Lynch and Shanahan started their “draft tradefest” in a dream scenario: on the clock with the consensus top-2 wide receivers in the draft — Jerry Jeudy and CeeDee Lamb — on the board, and the Tampa Bay Buccaneers on the phone. The Bucs wanted to move up a single spot to the No. 13 selection — the pick the receiver-needy 49ers obtained via their trade of star defensive tackle DeForest Buckner — which would leave at least one of the two top receiver prospects on the board for San Francisco.
The two teams executed the trade, which scored the Niners a fouth-rounder in exchange for one of the 49ers’ seventh-round picks. Minutes later, San Francisco was back on the clock, and both receivers were still on the board. But instead of taking advantage of the situation they lucked themselves into, the Lynch and Shanahan did what they seem to do every year — follow their collective gut or the opinion of a trusted contact outside the organization — and drafted Buckner’s hopeful replacement, South Carolina defensive tackle Javon Kinlaw:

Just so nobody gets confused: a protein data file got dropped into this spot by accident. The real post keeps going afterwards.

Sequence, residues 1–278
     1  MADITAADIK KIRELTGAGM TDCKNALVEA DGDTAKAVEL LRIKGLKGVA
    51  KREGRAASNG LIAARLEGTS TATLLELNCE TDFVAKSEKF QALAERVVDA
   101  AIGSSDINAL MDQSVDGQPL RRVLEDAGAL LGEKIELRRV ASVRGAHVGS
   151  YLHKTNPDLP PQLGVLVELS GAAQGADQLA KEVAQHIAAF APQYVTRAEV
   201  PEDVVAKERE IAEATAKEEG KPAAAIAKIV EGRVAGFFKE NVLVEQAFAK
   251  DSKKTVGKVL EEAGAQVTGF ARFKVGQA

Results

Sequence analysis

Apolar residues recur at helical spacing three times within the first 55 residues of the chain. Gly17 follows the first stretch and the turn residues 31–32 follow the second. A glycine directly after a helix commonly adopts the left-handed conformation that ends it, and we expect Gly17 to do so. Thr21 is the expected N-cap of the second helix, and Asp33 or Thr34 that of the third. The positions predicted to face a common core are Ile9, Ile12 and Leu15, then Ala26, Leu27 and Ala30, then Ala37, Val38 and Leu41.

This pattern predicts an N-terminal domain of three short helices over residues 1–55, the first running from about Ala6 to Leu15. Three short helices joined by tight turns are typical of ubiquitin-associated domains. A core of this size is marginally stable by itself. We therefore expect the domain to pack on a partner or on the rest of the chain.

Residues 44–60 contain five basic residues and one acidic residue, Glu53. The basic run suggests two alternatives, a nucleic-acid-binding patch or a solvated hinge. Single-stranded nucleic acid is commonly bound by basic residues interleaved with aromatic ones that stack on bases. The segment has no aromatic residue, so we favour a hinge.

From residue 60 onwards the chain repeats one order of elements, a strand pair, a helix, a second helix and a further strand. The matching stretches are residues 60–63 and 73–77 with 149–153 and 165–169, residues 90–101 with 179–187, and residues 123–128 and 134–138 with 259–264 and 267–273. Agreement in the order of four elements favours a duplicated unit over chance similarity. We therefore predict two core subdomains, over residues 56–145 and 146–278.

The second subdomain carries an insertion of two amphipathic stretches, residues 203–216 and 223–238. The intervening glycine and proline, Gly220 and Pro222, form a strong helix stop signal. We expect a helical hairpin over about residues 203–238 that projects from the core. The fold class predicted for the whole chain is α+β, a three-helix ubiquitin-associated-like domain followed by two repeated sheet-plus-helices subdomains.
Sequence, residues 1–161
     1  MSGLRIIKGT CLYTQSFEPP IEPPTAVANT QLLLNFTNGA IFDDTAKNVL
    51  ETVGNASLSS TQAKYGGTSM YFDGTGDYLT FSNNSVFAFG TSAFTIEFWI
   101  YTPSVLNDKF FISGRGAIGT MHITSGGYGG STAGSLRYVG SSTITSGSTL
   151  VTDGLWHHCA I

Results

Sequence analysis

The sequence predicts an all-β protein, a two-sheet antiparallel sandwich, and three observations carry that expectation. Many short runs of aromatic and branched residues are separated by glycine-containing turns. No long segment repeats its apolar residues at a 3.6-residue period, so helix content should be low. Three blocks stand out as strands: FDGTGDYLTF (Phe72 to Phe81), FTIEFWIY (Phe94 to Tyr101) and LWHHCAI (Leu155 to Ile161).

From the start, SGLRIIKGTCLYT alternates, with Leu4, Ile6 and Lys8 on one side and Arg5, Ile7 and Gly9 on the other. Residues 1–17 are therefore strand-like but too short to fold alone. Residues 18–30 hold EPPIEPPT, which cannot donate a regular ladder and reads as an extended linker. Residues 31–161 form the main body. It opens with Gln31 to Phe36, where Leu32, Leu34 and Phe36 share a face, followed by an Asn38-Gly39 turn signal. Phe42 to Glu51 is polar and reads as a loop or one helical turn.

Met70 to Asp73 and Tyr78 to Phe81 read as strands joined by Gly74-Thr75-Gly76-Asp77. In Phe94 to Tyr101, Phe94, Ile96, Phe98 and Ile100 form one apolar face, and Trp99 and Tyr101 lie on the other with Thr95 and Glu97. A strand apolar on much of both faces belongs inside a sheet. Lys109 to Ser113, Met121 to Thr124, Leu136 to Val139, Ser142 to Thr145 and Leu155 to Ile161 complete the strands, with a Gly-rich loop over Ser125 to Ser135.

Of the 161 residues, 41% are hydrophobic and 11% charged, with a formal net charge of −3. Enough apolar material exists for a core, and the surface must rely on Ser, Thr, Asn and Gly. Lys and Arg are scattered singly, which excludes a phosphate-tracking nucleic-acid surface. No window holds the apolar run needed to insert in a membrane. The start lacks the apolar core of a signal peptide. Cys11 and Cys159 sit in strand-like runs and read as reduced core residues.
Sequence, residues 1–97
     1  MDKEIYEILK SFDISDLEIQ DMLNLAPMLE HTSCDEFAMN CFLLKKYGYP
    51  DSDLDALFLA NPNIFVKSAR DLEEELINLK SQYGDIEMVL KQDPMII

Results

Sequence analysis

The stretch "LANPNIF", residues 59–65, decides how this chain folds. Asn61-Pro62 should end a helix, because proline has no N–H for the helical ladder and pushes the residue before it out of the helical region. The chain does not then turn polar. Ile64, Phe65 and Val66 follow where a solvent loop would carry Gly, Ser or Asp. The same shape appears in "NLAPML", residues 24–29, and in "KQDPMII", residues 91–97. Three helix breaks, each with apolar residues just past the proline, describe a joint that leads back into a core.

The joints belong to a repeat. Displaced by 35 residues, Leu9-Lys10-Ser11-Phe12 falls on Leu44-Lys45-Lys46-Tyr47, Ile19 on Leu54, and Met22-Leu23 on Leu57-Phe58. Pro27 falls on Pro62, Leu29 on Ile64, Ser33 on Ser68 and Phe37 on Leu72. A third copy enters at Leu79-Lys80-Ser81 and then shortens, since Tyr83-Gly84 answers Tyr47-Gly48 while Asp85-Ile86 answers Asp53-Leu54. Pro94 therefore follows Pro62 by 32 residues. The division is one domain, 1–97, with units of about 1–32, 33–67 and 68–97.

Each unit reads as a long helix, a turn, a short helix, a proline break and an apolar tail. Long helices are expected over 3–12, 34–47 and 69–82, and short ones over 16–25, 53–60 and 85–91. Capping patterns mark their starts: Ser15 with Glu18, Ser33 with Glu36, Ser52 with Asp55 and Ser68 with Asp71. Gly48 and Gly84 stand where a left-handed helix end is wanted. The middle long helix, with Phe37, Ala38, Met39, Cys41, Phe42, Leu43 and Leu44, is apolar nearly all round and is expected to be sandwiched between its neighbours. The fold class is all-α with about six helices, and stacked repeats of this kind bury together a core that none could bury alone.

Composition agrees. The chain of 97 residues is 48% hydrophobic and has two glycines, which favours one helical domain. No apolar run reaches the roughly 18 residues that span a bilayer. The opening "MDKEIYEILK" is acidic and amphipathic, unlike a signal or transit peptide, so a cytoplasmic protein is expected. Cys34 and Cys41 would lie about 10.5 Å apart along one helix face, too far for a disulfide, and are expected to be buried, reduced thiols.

49ers Draft Pick No. 14: DT Javon Kinlaw
On Tuesday, Lynch spoke about the decision on FOX Sports’ The Herd with Collin Cowherd:
“We were incredibly comfortable with Will Muschamp because he gave us such an accurate depiction of Deebo Samuel last year. I didn’t know Will. I met him once. But we called on Deebo and he hit all his strengths, but he also hit his, not really weaknesses, but just realities of who the person is. And he depicted Deebo so well, a year later I said, ‘Kyle, we’ve got to pick up the phone and call Will about Kinlaw because he was so darn honest.” -John Lynch
Despite Muschamp’s biased opinion of his former player, there’s a lot to like about the raw Kinlaw:
— Fourth and Nine (@fourth_nine) April 24, 2020